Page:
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Michigan Governor Gretchen Whitmer Calls TikTok a 'Communication Tool' Amid National Security Concerns

'Whether we like it or not, that is a tool for disseminating important information,' said Whitmer

Governor Gretchen Whitmer of Michigan downplayed the seriousness of security concerns over TikTok, the Chinese-owned social media app that has been banned on government-owned devices in more than 20 states.  

Whitmer said the video-based platform owned by ByteDance is a “communication tool.”

“We use TikTok on one device that has nothing else on it. It is a communication tool. We don’t do it because it’s fun, although some people think what I put out there can be fun on occasion,” Whitmer said during a Feb. 12 appearance on CNN’s “State of the Union” with Jake Tapper.

“We have it on one device that has no access to anything else because so many people get their information that way,” the Democrat added. “Whether we like it or not, that is a tool for disseminating important information. And that’s how we use it.”

Nebraska Governor Pete Ricketts was the first state leader to ban TikTok on state-owned devices. As part of his December 2020 order, Ricketts noted the prohibition would “maintain the security of data owned by the State of Nebraska” and “safeguard against the intrusive cyber activities of China’s communist government.”

Since South Dakota Governor Kristi Noem issued a similar ban in November of 2022, 19 other governors have ordered their government to block the use of the app on state-owned devices. This included at least four Democratic governors. The TikTok bans also led colleges and universities in Alabama, Montana, Arkansas, Oklahoma, Idaho, Texas, and Mississippi to prohibit the use of the app on their campuses. 

Under China’s 2017 National Security Law, all companies based in the country have to assist the government with intelligence work and turn over collected user data. TikTok collects a plethora of user information while installed on internet-connected devices, including mobile carriers, browsing histories, and geolocations.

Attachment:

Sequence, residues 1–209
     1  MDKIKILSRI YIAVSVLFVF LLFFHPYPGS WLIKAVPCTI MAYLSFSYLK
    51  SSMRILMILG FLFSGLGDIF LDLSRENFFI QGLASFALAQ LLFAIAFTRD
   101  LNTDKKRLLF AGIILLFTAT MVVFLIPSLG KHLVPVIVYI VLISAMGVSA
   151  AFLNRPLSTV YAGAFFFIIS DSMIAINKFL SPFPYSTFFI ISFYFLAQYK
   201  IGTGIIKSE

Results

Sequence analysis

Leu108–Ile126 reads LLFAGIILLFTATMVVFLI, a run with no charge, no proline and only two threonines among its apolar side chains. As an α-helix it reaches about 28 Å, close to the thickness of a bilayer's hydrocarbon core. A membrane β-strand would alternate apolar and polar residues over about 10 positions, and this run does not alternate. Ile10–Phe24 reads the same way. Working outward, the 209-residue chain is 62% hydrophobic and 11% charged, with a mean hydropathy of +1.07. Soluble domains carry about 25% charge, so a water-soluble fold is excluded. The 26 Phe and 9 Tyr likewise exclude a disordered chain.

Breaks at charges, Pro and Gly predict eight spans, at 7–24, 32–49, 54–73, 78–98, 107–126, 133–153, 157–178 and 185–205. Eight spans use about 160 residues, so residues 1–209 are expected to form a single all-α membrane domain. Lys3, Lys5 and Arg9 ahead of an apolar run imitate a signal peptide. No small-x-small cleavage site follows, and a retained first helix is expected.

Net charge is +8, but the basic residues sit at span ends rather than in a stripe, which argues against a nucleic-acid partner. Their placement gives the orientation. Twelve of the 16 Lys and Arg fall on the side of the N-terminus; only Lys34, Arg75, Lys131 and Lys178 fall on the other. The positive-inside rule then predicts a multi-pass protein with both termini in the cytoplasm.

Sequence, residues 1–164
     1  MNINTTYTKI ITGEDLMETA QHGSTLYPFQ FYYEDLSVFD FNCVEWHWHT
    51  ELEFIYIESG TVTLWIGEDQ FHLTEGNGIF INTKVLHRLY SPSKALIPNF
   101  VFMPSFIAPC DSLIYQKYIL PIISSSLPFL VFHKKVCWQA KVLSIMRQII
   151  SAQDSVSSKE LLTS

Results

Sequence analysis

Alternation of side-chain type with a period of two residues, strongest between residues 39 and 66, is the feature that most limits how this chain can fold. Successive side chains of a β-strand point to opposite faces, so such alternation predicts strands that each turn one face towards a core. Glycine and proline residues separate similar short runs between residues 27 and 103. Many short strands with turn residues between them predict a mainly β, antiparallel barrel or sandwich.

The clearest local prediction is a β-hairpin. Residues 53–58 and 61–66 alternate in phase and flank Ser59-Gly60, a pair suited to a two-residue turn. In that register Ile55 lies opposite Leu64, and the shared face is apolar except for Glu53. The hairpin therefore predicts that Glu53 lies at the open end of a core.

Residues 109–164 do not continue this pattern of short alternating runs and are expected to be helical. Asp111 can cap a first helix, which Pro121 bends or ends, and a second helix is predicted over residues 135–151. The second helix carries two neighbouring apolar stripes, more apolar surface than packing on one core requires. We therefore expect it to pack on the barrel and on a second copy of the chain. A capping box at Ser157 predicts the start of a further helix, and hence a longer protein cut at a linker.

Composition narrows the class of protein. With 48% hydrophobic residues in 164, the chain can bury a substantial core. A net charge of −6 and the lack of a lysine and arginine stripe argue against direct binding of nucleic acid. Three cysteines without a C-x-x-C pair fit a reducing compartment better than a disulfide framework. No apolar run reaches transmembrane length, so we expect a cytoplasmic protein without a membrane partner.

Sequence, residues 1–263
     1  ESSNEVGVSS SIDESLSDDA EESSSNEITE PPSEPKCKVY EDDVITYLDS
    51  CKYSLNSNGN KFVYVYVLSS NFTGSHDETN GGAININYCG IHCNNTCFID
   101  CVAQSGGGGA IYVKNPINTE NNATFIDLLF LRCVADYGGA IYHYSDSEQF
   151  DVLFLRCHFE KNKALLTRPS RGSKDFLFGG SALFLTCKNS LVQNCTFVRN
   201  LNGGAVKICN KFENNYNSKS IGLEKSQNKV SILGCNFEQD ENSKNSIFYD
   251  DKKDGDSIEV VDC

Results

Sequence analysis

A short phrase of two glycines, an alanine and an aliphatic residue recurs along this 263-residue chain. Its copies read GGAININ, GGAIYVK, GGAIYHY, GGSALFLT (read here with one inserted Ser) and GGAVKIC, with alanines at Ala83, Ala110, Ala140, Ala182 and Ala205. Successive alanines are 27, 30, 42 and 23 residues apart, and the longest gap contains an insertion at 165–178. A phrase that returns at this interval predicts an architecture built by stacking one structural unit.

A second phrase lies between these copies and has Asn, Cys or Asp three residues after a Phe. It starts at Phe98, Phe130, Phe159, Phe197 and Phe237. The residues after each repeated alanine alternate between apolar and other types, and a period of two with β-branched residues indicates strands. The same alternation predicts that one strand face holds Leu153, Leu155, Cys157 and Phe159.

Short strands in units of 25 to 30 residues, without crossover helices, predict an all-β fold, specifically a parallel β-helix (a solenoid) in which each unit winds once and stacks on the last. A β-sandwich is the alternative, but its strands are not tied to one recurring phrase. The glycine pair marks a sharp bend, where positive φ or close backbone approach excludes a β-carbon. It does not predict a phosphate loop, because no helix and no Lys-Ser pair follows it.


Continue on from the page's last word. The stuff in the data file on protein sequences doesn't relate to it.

TikTok has refuted claims that user data is accessible to members of the Chinese Communist Party.

TikTok is banned on devices or networks owned by the Department of Homeland Security, the Department of State and the Department of Defense as well as devices used by members of the House of Representatives and their staffs due to national security concerns.

Wisconsin Congressman Mike Gallagher and Illinois Congresswoman Raja Krishnamoorthi are currently leading a bipartisan effort to have TikTok removed as a corporate sponsor of ESPN.

“No Chinese company is truly private, because under China’s 2017 National Intelligence Law, all citizens and businesses must assist in intelligence work, including sharing data,” Gallagher and Krishnamoorthi wrote in a joint statement. “Moreover, the company’s editor in chief, who is also the secretary of its internal CCP committee, stressed that the committee would ‘take the lead’ in ‘all product lines and business lines’ to ensure that ByteDance’s products have ‘correct political direction.’”

The representatives have asked ESPN to explain its vetting and decision-making process for sponsors.

Whitmer’s concerns are less about TikTok’s data harvesting and more about how any social media platform “drags people down rabbit holes” with “curated” posts. She indicated the federal government must intervene to prevent users from accessing possible disinformation.

“We need to have some congressional measures taken to ensure that there is some integrity in it,” said the governor. “But also we got to teach our kids that this is not a real robust offering of information for you to distill and make your own decisions. This is biased and it can be incredibly taxing.”

Whitmer also said President Joe Biden would have her “enthusiastic support” when he seeks reelection.

“He has delivered for the American people,” she told Tapper. 

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